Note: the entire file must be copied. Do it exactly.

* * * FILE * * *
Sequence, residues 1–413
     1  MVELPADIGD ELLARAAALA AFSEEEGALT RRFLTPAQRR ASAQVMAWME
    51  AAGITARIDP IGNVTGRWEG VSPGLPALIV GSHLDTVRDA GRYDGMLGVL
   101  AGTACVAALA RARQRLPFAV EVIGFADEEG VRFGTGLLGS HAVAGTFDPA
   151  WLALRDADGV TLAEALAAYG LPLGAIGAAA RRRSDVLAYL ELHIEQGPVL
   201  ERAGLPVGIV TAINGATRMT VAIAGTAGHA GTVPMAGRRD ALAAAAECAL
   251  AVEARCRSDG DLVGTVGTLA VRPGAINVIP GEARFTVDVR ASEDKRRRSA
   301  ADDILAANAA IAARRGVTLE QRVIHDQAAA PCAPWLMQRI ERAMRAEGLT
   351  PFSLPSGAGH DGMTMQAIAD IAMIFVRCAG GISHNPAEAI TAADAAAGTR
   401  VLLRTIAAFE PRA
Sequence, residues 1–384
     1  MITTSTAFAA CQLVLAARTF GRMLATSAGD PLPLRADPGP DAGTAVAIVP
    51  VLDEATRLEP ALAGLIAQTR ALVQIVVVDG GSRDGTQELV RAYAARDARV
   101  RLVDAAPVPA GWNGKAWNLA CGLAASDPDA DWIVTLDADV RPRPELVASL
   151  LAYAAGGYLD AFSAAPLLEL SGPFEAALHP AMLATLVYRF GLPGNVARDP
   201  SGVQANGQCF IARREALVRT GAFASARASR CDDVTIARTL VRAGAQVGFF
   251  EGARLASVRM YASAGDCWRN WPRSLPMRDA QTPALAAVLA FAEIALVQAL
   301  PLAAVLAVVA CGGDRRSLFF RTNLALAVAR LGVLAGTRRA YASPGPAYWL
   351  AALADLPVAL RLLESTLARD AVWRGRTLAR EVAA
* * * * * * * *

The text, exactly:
Sequence, residues 1–413
     1  MVELPADIGD ELLARAAALA AFSEEEGALT RRFLTPAQRR ASAQVMAWME
    51  AAGITARIDP IGNVTGRWEG VSPGLPALIV GSHLDTVRDA GRYDGMLGVL
   101  AGTACVAALA RARQRLPFAV EVIGFADEEG VRFGTGLLGS HAVAGTFDPA
   151  WLALRDADGV TLAEALAAYG LPLGAIGAAA RRRSDVLAYL ELHIEQGPVL
   201  ERAGLPVGIV TAINGATRMT VAIAGTAGHA GTVPMAGRRD ALAAAAECAL
   251  AVEARCRSDG DLVGTVGTLA VRPGAINVIP GEARFTVDVR ASEDKRRRSA
   301  ADDILAANAA IAARRGVTLE QRVIHDQAAA PCAPWLMQRI ERAMRAEGLT
   351  PFSLPSGAGH DGMTMQAIAD IAMIFVRCAG GISHNPAEAI TAADAAAGTR
   401  VLLRTIAAFE PRA
Sequence, residues 1–384
     1  MITTSTAFAA CQLVLAARTF GRMLATSAGD PLPLRADPGP DAGTAVAIVP
    51  VLDEATRLEP ALAGLIAQTR ALVQIVVVDG GSRDGTQELV RAYAARDARV
   101  RLVDAAPVPA GWNGKAWNLA CGLAASDPDA DWIVTLDADV RPRPELVASL
   151  LAYAAGGYLD AFSAAPLLEL SGPFEAALHP AMLATLVYRF GLPGNVARDP
   201  SGVQANGQCF IARREALVRT GAFASARASR CDDVTIARTL VRAGAQVGFF
   251  EGARLASVRM YASAGDCWRN WPRSLPMRDA QTPALAAVLA FAEIALVQAL
   301  PLAAVLAVVA CGGDRRSLFF RTNLALAVAR LGVLAGTRRA YASPGPAYWL
   351  AALADLPVAL RLLESTLARD AVWRGRTLAR EVAA